US Energy Pipeline Developers To Seek Exemptions To Steel Tariff


HOUSTON/SEOUL, March 14 (Reuters) - U.S. energy pipeline developers say they intend to pursue exemptions to the Trump Administration's proposed steel tariffs, as concerns grow for those companies and from key exporters to the United States like South Korea.

"We have a number of pipeline projects that would be impacted significantly by this cost increase," said Adam Bedard, chief executive of Arb Midstream, an energy transportation and marketing company. If exemptions become available, "we'd certainly try and qualify for it."

He was referring to the U.S. Commerce Department's effort to devise a procedure for companies to apply to avoid paying a 25 percent tariff on imported steel or 10 percent on imported aluminum.

Commerce has 10 days to come up with the procedure to apply for exemptions from the steel and aluminum tariff declaration issued last week. There is a national security exemption for U.S. companies to buy steel items that domestic manufacturers do not produce in the volumes or quality required. The president also said exemptions would be available to certain countries.

Imports account for 77 percent of the steel used in U.S. pipelines, according to a 2017 study conducted for the pipeline industry. Some manufacturers already have customers waiting two years for pipeline to construct lines to carry shale oil and gas from West Texas fields to U.S. Gulf Coast export hubs.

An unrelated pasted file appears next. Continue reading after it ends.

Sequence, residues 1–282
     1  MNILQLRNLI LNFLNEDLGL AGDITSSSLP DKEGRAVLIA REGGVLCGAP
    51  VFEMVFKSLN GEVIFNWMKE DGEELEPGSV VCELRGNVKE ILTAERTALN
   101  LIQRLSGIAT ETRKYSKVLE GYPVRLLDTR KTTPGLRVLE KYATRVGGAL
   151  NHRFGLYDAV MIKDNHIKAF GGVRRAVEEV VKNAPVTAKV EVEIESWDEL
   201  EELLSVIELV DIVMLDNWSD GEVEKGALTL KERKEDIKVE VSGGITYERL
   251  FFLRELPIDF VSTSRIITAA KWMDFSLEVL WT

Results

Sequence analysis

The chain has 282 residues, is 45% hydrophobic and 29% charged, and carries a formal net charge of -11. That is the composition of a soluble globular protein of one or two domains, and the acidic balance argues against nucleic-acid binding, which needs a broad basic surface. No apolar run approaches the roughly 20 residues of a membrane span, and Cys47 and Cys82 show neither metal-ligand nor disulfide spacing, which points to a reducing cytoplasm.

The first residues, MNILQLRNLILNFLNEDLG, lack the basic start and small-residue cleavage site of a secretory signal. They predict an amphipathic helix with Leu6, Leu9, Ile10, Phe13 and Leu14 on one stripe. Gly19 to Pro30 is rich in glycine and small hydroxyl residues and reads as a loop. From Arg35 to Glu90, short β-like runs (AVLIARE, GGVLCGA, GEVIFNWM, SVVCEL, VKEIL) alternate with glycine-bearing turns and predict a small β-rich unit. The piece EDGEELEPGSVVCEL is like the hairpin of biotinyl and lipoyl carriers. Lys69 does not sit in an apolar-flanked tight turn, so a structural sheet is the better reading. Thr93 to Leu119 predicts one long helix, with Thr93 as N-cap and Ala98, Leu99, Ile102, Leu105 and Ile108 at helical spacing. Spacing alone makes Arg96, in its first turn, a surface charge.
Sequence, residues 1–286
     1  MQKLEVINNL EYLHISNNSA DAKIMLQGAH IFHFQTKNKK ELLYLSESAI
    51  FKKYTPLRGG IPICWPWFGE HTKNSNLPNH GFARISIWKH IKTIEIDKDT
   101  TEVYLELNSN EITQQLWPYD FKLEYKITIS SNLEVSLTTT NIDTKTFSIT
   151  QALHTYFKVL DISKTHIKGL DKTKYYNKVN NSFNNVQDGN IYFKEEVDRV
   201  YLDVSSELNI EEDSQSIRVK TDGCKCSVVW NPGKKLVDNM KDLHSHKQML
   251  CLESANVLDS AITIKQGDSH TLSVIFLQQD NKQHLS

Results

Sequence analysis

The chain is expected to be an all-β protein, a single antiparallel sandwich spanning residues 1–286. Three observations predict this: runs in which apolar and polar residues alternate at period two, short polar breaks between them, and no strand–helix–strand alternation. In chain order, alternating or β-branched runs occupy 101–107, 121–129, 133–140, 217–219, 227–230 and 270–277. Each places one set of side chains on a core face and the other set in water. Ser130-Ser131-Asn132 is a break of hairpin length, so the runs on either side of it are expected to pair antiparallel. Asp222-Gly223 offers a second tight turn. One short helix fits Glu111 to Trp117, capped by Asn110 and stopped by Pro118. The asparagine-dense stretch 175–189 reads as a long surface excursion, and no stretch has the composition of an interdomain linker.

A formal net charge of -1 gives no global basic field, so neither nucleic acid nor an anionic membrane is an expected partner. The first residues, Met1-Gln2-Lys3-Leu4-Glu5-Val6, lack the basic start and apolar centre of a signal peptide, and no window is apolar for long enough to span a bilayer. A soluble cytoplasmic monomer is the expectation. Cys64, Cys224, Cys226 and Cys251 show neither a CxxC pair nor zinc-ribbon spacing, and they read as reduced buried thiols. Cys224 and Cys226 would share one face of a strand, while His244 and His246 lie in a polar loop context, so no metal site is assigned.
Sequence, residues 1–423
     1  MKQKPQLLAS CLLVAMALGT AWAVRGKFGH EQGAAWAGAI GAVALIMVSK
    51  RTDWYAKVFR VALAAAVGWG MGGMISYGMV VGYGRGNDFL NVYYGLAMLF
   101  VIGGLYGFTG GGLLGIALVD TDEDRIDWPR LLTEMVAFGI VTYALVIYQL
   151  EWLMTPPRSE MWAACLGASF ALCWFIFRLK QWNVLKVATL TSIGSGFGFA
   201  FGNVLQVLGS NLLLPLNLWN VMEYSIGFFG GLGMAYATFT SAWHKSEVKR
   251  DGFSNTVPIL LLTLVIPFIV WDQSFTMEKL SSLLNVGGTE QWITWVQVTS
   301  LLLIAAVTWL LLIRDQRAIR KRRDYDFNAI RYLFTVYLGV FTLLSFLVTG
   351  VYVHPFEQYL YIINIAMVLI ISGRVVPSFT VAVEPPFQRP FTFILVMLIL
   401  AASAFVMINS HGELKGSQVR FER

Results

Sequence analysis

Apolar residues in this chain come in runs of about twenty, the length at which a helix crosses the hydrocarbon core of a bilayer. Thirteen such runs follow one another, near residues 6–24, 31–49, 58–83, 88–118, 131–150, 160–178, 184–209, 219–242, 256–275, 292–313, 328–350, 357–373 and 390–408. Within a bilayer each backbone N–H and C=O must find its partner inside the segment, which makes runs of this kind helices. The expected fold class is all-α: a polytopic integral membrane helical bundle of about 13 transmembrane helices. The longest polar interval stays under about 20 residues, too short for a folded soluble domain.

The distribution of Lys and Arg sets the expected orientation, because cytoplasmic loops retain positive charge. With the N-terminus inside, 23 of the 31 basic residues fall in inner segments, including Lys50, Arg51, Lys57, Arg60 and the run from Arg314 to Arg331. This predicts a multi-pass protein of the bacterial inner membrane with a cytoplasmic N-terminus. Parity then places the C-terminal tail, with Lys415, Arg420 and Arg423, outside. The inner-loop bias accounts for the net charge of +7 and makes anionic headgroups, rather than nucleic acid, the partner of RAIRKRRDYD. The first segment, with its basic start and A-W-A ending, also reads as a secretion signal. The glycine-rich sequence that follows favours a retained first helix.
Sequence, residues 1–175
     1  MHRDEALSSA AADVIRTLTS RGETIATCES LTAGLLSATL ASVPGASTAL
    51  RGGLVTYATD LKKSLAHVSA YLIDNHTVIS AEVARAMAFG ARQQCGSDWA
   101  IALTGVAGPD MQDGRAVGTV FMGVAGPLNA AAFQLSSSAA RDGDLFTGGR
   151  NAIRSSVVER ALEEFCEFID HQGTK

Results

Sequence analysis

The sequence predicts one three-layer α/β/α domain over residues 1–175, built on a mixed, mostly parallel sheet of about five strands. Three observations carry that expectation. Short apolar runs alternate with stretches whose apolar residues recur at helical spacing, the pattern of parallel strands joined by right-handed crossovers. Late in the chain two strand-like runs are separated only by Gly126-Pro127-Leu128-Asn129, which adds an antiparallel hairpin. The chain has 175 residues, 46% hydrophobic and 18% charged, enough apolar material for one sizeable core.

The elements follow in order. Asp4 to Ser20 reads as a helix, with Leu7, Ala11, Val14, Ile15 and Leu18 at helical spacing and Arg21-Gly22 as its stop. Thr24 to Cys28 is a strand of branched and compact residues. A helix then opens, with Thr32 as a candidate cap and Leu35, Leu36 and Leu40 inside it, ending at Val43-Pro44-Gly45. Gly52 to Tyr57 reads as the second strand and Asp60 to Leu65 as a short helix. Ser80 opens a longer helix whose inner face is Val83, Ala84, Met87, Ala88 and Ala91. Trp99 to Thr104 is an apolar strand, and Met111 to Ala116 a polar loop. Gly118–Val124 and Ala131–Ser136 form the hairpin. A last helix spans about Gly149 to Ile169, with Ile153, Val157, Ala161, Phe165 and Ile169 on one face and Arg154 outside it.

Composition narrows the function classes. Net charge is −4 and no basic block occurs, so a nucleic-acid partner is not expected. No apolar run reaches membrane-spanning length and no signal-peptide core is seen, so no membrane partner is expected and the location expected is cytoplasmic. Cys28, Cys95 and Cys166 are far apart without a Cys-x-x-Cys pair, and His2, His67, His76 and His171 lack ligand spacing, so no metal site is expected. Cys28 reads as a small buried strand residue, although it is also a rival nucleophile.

Energy trade associations fought for a way around the tariff. They argued that U.S. manufacturers either do not offer key metal grades or diameters, or have long production times that would impede development of shale oil and gas pipelines.

NAmerico Partners LP, which is proposing a multibillion dollar pipeline to move natural gas from west Texas to the U.S. Gulf Coast, estimates the steel tariff would raise the cost to its customers by between 2 percent and 4 percent.

"We will do everything we are capable of to limit the impact to our shippers," said Jeff Welch, the company's managing partner. NAmerico has not yet made the final decision to begin construction of the 468-mile (753 kilometer) pipeline, he said.

Even with exemptions, tariffs could still raise costs and slow down projects, said Nicolas Adrian McTyre, an Austin, Texas attorney and former trial attorney for the Federal Energy Regulatory Commission.

"You are looking at a new regulatory hurdle potentially and there are a lot of unknowns to that process currently."

South Korea Looks Elsewhere

One of the primary providers of steel for pipeline companies is South Korea. Manufacturers there have said they are considering sending exports to other parts of the world due to difficulties with shipping to the United States, even before the tariffs go into effect.

John Stoody, a spokesman for the U.S. Association of Oil Pipe Lines, said at least one member firm, which he did not name, tried to buy steel from South Korea in recent days, but was rebuffed due to tariff uncertainty.

"Foreign pipe sellers are hesitant to sell pipe," he said.

Executives at steel companies in South Korea say the move is nudging them toward non-U.S. markets. Seah Steel, whose sales to the United States account for 20 percent of total revenue, is exploring other markets, a company official said.


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